WASHINGTON — Top defense lawmakers on Capitol Hill quickly blasted President Donald Trump’s transgender military ban Wednesday, calling the policy change short-sighted and potentially dangerous.
Senate Armed Services Committee Chairman John McCain, R-Ariz., called the surprise news “yet another example of why major policy announcements should not be made via Twitter.” He said Trump’s statements on the issue were unclear and confusing.
“Any American who meets current medical and readiness standards should be allowed to continue serving,” he said. “There is no reason to force service members who are able to fight, train, and deploy to leave the military, regardless of their gender identity.”
On Wednesday, in a series of tweets, Trump announced plans to reverse defense policy allowing transgender troops to serve openly in the ranks. Defense officials had been conducting a review of plans to admit new transgender recruits, but previously said the changes would not affect individuals already in the ranks.
“After consultation with my generals and military experts, please be advised that the United States Government will not accept or allow transgender individuals to serve in any capacity in the U.S. Military,” Trump wrote in his tweeted policy change.
“Our military must be focused on decisive and overwhelming victory and cannot be burdened with the tremendous medical costs and disruption that transgender in the military would entail.”
Congressional Democrats attacked those comments.
Rep. Adam Smith, D-Wash. and ranking member on the House Armed Services Committee, called the move “an unwarranted and disgraceful attack on men and women who have been bravely serving their country.”
“It takes a brave and committed person to volunteer to defend this country, and every American that is able and willing to do so should be allowed to join the U.S. military. We will fight this decision, just like we fought ‘Don’t Ask, Don’t Tell,’ and ultimately justice will prevail.”
Smith’s counterpart in the Senate, Sen. Jack Reed, D-R.I., called the announcement “a divisive political move that exposes the President’s lack of faith in the professionalism of our armed forces.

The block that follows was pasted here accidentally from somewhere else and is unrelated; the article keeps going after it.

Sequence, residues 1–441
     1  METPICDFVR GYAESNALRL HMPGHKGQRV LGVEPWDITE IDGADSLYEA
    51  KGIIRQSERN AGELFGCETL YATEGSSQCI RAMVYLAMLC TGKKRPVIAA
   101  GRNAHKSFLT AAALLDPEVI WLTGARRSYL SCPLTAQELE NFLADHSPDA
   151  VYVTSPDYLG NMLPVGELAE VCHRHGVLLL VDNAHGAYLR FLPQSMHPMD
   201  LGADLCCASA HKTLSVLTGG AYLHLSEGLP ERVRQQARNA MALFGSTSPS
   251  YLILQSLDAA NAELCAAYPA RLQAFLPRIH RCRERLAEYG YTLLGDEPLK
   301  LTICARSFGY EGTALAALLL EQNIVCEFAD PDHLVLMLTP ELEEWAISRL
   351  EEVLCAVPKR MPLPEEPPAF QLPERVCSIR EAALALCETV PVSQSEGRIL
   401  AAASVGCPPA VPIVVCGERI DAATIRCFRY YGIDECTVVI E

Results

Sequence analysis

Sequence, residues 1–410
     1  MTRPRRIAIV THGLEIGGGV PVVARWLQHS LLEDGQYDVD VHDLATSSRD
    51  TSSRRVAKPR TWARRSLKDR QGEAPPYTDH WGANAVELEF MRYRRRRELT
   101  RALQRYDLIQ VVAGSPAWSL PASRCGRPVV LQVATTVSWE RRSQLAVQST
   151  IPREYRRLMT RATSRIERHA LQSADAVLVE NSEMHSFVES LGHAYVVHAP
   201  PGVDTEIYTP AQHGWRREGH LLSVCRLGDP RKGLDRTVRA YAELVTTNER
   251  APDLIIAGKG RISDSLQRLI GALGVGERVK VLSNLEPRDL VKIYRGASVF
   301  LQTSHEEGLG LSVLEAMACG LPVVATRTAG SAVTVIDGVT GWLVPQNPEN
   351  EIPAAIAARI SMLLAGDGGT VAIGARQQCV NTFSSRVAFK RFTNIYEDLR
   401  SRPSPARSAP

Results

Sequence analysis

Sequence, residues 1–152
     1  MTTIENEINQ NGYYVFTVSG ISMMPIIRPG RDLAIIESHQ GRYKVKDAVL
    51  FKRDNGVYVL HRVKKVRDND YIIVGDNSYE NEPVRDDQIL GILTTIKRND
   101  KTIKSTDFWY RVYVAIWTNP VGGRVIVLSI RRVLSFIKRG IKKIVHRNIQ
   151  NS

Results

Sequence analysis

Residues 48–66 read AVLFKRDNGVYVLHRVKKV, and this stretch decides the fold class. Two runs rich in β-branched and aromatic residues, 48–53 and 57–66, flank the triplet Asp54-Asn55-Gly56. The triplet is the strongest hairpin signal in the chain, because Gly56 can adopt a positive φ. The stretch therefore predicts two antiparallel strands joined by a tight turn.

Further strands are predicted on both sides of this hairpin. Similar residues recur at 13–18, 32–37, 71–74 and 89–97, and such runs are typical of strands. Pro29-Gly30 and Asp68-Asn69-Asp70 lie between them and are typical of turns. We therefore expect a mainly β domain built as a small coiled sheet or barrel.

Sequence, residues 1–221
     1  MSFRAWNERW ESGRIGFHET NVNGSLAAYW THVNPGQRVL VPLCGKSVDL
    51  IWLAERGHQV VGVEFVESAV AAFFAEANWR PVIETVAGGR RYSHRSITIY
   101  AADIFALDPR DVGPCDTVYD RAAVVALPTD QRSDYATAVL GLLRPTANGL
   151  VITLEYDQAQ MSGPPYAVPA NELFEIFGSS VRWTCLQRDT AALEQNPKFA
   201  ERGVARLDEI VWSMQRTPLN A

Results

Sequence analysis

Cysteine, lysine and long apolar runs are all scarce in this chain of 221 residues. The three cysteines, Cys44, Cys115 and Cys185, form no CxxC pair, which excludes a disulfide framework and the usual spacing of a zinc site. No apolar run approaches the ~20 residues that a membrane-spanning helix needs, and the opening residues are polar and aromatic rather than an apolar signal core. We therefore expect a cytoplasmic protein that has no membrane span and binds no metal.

He added that Trump should immediately reverse the decision. “Every American who is brave enough to serve their country should be free to do so … This discriminatory policy denies Americans, no matter how skilled and qualified they are, the opportunity to serve.”
Sen. Kirsten Gillibrand, D-N.Y. — another committee member — said she would introduce legislation in coming days to counter Trump’s plans. Reed told reporters he is open to the idea of including the issue in the chamber’s upcoming debate on the annual defense authorization bill.
Several Republicans also joined McCain in opposing the decision. The Senate’s first combat veteran — Sen. Joni Ernst, R-Iowa, — told Politico in a statement that “what is most important is making sure servicemembers can meet the physical training standards” and be willing “to defend our freedoms and way of life.”
But others applauded the change. Rep. Vicky Hartzler, R-Mo., who earlier this month sponsored a measure (that was narrowly defeated) to force the transgender policy change during a defense policy debate, said on Twitter she was pleased Trump was acting on “this costly and damaging policy.”
Pentagon officials referred all questions regarding the policy to the White House. Congressional officials said they’ll be closely following the issue in coming months, to see exactly how the policy will be implemented.
Defense officials estimate about 7,000 transgender servicemembers are currently in the military. Outside rights groups say they believe the number is closer to 15,000.
Reporter Joe Gould contributed to this story.
Leo Shane III covers Congress, Veterans Affairs and the White House for Military Times. He can be reached at email@example.com.
Leo covers Congress, Veterans Affairs and the White House for Military Times. He has covered Washington, D.C. since 2004, focusing on military personnel and veterans policies. His work has earned numerous honors, including a 2009 Polk award, a 2010 National Headliner Award, the IAVA Leadership in Journalism award and the VFW News Media award.